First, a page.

Walgreens and CVS Teaming Together to Fight ORC
After a two-year investigation on the part
of Walgreens and CVS, this past Monday law enforcement authorities raided a
major warehouse in Houston that was the fencing operation for over 45
booster teams and 200 thieves that were operating nationwide. Stealing
products that would re-sell easily, some teams members were stealing $10k to
$20k a day and making over $5,000 to $7,000 a week themselves and shipping
their stolen merchandise down to Houston. Some teams were hitting stores
every 30 minutes supervised by the street gang MS 13. Mostly illegal
immigrants from Honduras, the ring leader Mohammad Zainaldin, a Palestinian,
had a small group managing this nationwide operation. After two years of
investigation and millions lost, they've been stopped.
With Walgreens, CVS, and Rite Aid
participating in the raid this week, this is a great example of team work and
how working together can make an impact.
Seven Charged in Interstate Theft and
Fencing Ring of Over-the-Counter Drugs
HOUSTON - A sealed indictment
charging several Houston area residents for their alleged involvement in an
interstate over-the-counter (OTC) drug theft and fencing ring as well as
structuring and money laundering was unsealed today following the arrest of
the seven charged, United States Attorney José Angel Moreno announced today
along with Homeland Security Investigations (HSI) acting Special Agent in
Charge John Connolly.
The 29-count indictment, returned on July 13, 2011, charges seven defendants
with conspiracy to transport stolen merchandise in interstate commerce,
structuring monetary transactions to evade reporting requirements, money
laundering and substantive counts of transporting stolen goods and
structuring as well as seeks to forfeit the interest of the defendants in
the illicitly obtained proceeds. Those charged include the alleged "fence,"
Mohammad Zainaldin, the owner of Quick Gas and Lube on Westheimer Road in
Houston, his girlfriend, Innessa Stafeyeva, who allegedly worked at the
warehouse where the stolen OTC merchandise was stored along with two
allegedly high level and three additional "boosters" – persons who steal the
goods ultimately delivered to the fence for re-sale. Zainladin, 33, was born
in the Palestinian territory and his girlfriend, Stafeyeva, 23, is a citizen
of Kazakhstan. Carlos Reyes Roque, 40, and Marcos Ascencio Perdomo, 35, both
alleged high level "boosters," and Irma Hernandez, 34, Ana Ramos, 30, and
Claudia Flores, 35, are all citizens of Honduras.
The indictment was unsealed today following the arrest of Zainladin,
Stafeyeva, Ramos and Flores. Zainladin and Flores were arrested at their
respective residences, while Stafeyeva and Ramos were taken into custody at
Zainladin's warehouse on Westpark Drive and HSI offices in Houston,
respectively. These four are expected to make their initial appearance
tomorrow before a U.S. Magistrate Judge at which time the government expects
to request the defendants remain in federal custody without bond pending
trial. Reyes-Roque and Perdomo are presently in federal custody on unrelated
criminal charges and are expected to appear in federal court for initial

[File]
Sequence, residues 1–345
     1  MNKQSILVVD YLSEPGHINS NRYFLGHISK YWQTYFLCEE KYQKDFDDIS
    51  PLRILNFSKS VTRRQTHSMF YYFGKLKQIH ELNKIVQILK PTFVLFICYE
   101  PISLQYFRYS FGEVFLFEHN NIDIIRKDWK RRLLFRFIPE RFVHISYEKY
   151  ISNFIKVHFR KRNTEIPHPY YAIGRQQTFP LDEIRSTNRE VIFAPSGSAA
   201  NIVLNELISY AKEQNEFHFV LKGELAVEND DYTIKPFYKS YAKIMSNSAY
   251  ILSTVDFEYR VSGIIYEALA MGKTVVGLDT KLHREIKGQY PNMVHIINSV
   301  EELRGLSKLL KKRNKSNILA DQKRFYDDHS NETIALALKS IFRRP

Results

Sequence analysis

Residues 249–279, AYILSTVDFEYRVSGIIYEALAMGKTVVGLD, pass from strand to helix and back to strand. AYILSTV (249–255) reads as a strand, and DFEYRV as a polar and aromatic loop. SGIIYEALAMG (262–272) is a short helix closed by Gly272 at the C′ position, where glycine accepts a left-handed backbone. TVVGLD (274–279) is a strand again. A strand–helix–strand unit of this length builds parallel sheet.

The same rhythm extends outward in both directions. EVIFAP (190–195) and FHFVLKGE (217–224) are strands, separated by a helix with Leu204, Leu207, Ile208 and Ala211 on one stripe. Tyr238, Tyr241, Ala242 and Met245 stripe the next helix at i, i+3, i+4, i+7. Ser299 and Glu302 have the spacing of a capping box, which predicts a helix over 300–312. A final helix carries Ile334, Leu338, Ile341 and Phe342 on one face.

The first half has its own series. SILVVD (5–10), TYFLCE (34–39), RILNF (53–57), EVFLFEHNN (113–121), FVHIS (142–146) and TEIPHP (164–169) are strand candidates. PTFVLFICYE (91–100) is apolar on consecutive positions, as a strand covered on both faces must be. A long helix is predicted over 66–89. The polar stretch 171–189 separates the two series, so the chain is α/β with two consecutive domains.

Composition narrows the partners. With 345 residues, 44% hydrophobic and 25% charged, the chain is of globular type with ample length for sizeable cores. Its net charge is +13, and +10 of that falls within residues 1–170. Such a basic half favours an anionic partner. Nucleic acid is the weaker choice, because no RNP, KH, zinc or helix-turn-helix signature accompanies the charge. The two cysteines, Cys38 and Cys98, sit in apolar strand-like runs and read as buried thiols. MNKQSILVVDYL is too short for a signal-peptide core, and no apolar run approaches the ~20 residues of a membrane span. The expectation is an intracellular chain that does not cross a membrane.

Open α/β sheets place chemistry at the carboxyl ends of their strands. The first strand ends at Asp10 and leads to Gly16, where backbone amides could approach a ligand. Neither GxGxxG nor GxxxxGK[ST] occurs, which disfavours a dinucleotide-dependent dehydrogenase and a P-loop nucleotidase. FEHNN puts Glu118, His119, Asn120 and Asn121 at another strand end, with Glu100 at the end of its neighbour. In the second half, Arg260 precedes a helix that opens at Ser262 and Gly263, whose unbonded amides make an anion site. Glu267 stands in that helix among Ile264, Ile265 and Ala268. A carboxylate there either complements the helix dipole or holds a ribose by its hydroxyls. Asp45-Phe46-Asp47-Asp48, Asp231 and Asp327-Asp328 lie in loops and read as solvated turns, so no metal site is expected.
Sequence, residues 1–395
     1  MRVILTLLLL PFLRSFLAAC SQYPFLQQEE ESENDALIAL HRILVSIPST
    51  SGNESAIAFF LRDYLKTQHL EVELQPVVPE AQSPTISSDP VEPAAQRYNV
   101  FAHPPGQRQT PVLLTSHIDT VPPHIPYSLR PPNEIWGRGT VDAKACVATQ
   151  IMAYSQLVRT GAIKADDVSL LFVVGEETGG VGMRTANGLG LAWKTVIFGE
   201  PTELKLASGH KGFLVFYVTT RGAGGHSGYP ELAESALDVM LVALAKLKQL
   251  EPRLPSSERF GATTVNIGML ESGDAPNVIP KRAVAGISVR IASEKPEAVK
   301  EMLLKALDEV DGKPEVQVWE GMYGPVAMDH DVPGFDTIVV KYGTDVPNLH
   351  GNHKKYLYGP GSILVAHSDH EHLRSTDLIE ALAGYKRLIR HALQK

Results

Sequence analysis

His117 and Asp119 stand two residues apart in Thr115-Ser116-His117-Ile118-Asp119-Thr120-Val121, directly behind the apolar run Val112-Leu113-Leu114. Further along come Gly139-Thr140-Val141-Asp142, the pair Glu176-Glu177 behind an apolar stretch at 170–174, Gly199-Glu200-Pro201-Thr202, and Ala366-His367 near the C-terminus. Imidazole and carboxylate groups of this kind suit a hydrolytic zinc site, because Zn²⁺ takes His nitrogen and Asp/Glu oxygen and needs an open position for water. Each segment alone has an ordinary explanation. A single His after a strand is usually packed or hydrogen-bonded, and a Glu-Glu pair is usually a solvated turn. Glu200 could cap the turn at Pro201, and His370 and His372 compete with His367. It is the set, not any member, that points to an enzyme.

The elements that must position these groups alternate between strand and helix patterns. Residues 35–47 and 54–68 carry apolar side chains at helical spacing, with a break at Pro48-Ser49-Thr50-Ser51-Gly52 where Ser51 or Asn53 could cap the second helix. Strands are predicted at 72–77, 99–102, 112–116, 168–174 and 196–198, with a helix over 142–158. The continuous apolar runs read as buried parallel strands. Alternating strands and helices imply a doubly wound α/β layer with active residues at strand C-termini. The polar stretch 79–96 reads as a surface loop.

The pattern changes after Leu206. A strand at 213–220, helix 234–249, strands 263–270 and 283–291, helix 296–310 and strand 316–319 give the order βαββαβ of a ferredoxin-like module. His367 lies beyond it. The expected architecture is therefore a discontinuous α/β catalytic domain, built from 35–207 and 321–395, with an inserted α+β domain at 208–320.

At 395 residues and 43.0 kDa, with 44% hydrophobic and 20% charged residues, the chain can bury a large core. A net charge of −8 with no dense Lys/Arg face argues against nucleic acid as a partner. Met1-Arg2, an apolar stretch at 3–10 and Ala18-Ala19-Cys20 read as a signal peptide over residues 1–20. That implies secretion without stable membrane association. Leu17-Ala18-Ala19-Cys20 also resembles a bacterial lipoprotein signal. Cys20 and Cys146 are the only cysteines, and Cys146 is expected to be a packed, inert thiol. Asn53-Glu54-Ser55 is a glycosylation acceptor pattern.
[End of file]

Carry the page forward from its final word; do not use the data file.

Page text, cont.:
appearances on these charges in the near future. Hernandez is today being
transferred from Department of Homeland Security administrative custody into
federal custody to face these charges and may make her initial appearance in
federal court as early as tomorrow.
The indictment accuses all seven defendants of conspiring together to steal
OTC medicine from retail pharmacies and other stores both in Texas and in
other states. The indictment alleges that thieves referred to as "boosters,"
allegedly used aluminum foil lined bags to steal the OTC from pharmacies and
retail stores. The "boosters" would ship the OTC to Zainladin during out of
state trips via FedEx or UPS to avoid detection by law enforcement during
routine traffic stops. According to allegations in the indictment, Zainladin
was the "fence" for the stolen merchandise and the leader of the
organization. Once Zainladin received the stolen OTC, he would pay the
boosters cash payments at his gas station. Zainladin would use bank accounts
to mask his illegal activity and would withdraw $10,000 and below, allegedly
avoiding bank reporting requirements, to pay his boosters.
Conspiracy to transport stolen merchandise in interstate commerce and to
structure carries a maximum punishment of five years imprisonment and/or a
$250,000 fine upon conviction. Conspiracy to launder proceeds of greater
than $10,000 from the alleged interstate transportation of stolen property
carries a maximum punishment of 10 years and/or a $250,000 fine upon
conviction. Structuring financial transactions to avoid currency reporting
requirements carries a maximum penalty of 10 years and/or a $250,000 fine
upon conviction. Each count of transporting stolen goods and structuring
carries a maximum punishment of 10 years imprisonment and/or a $250,000 fine
The charges are the result of an 12-month investigation conducted by
Homeland Security Investigations and the Houston Police Department – Major
Offenders Unit with the substantial assistance and cooperation of CVS and
Walgreens loss prevention divisions.
Actual photos of the fencing operation ...
confiscating the ring leaders' toys ...